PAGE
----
It’s been two years since Adam Rapoport was named editor-in-chief at Bon Appétit, and since then the food glossy has gone through plenty of changes (and at least one attention-grabbing cover girl). We grabbed lunch with Rapoport to talk about his approach to the magazine, his ever-evolving partnership with his publisher, and the importance of getting away from the office.
“What I like about this restaurant — and this is what guys like Andrew Knowlton will scoff at me for — is that I don’t want an ambitious, complicated lunch,” Rapoport says. It’s 12:30 p.m. on a Friday and the scene at Bar Pitti could be described as “downtown Euro.” At a nearby table, two young men, sockless in driving loafers, eat bowls of pasta. Rapoport orders chopped sautéed spinach, simple grilled bread with prosciutto and olive oil, and a glass of white wine. “God bless David Chang, but I don’t need crispy braised pork shoulder and fried chicken two ways and kimchee. I will die. I’ve gotta go back to work, get stuff done.”
Since Rapoport took over, Bon Appétit has managed not only to stay afloat amid dwindling magazine sales, but to grow: Newsstand sales for the first half of 2012 are up 20 percent over 2011, the magazine’s website has seen the largest online growth of any food magazine, and this week the glossy grabbed a spot on Advertising Age’s A-List for the year, a closely watched sales award in the industry.
It’s thanks in part to the fact that Rapoport appears genuinely happy to embrace the changing role of a magazine editor — one that requires a mix of salesmanship and editing.
“It’s no secret — and Condé Nast has been pretty candid about it — that they expect their editors to be partners with their publishers,” Rapoport says. “It’s different than years ago when there was always a stark separation of church and state. We still have separate offices and everything, but our responsibility now is to think beyond the magazine.”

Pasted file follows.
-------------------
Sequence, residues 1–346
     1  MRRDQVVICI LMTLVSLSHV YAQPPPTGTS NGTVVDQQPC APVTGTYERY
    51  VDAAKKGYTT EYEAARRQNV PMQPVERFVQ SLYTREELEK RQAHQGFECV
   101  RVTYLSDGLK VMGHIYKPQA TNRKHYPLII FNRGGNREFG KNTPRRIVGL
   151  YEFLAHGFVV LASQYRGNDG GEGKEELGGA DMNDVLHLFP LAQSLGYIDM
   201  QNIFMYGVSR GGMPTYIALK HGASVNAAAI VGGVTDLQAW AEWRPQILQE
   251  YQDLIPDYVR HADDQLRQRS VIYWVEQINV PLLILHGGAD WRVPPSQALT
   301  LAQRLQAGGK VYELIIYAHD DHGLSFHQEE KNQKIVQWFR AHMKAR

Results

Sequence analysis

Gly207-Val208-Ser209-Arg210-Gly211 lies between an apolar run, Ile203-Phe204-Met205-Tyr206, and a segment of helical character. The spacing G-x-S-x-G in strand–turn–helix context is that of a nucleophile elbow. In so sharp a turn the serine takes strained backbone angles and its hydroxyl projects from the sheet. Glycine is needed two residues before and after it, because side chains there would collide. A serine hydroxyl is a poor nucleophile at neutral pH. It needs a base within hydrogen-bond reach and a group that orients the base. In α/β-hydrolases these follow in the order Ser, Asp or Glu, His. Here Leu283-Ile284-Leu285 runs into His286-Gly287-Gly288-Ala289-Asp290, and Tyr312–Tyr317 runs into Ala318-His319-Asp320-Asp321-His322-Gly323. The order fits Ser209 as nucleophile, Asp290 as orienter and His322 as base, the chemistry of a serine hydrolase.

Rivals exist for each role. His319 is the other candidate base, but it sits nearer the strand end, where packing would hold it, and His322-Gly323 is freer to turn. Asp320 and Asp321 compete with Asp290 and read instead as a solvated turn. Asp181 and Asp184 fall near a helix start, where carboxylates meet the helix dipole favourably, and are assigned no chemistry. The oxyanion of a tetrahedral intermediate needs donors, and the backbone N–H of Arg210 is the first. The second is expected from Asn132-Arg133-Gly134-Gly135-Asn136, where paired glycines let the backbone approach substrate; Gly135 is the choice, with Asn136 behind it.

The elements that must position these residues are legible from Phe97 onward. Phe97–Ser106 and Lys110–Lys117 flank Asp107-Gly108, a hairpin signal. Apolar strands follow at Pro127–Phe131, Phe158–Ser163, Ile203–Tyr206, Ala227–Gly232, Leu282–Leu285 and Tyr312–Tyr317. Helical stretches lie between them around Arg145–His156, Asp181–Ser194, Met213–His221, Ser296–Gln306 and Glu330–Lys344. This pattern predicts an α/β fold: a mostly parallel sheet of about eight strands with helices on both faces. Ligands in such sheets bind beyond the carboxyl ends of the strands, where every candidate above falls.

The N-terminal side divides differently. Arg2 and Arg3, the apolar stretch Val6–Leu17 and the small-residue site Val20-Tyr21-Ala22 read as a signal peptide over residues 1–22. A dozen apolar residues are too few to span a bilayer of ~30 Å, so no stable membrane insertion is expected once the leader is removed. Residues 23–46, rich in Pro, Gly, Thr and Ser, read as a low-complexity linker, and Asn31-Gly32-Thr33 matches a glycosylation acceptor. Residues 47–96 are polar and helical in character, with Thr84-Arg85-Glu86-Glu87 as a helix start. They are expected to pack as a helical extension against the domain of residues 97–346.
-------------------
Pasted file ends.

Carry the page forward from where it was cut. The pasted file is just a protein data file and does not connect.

New revenue streams must look very appealing to the company, which this month reportedly issued across-the-board 5 percent budget cuts for its magazines, piled on top of 10 percent cuts the company issued to staffers earlier this summer.
So, last year, Bon App publisher Pamela Drucker Mann and Rapoport started “Feast or Fashion Week,” which created dinners and events that paired different chefs with fashion designers (Jean-Georges Vongerichten and Michael Bastian, Daniel Humm and Rachel Roy); in January, the magazine launched a partnership with HSN to sell kitchenwares (the most successful culinary launch in HSN’s history); and this past summer, with Banana Republic, a “Desk to Dinner” clothing line hit the shelves. (Rapoport doesn’t own anything from the collection.)
Even still, Rapoport says, schedule permitting, he tries to schlep “as far away as possible” from his Times Square office to clear his head during the week. “Jim Nelson” — GQ’s editor and Rapoport’s former boss — “was a very big proponent of getting out of the office,” Rapoport said. “One time we went to lunch in Hoboken.”
Rapoport, though, favors Bar Pitti (“I like the fact that actual Italian people come here”) and Il Buco Alimentari e Vineria — light, airy spots that speak to the easygoing aesthetic and sensibility he’s brought to Bon App’s features.
“I’m obsessed with lighting; I’m obsessed with the glassware on the table,” he says, “and the people at the dinner party. All those elements of your lifestyle are what food is about. I want to make a magazine that is a lot more ‘360.’” (In August, the influential design site the Fox Is Black called Bon App “one of the most visually interesting mainstream magazines” around.)
Expanding the focus of the magazine from food to lifestyle seems like a natural evolution to Rapoport. It creates increased opportunities for new advertisers, and, in Rapoport’s view, food lovers, fashion disciples, and design fanatics are all coming from the same place.
“Go to any cool, downtown restaurant in New York and it’s right there in front of you,” he says, drizzling extra olive oil on his fettunta and smoothing down his white Uniqlo jeans. “Coolness extends from restaurants to clothes to the music you listen to. ‘Cool’ is a cross-all-borders mentality.”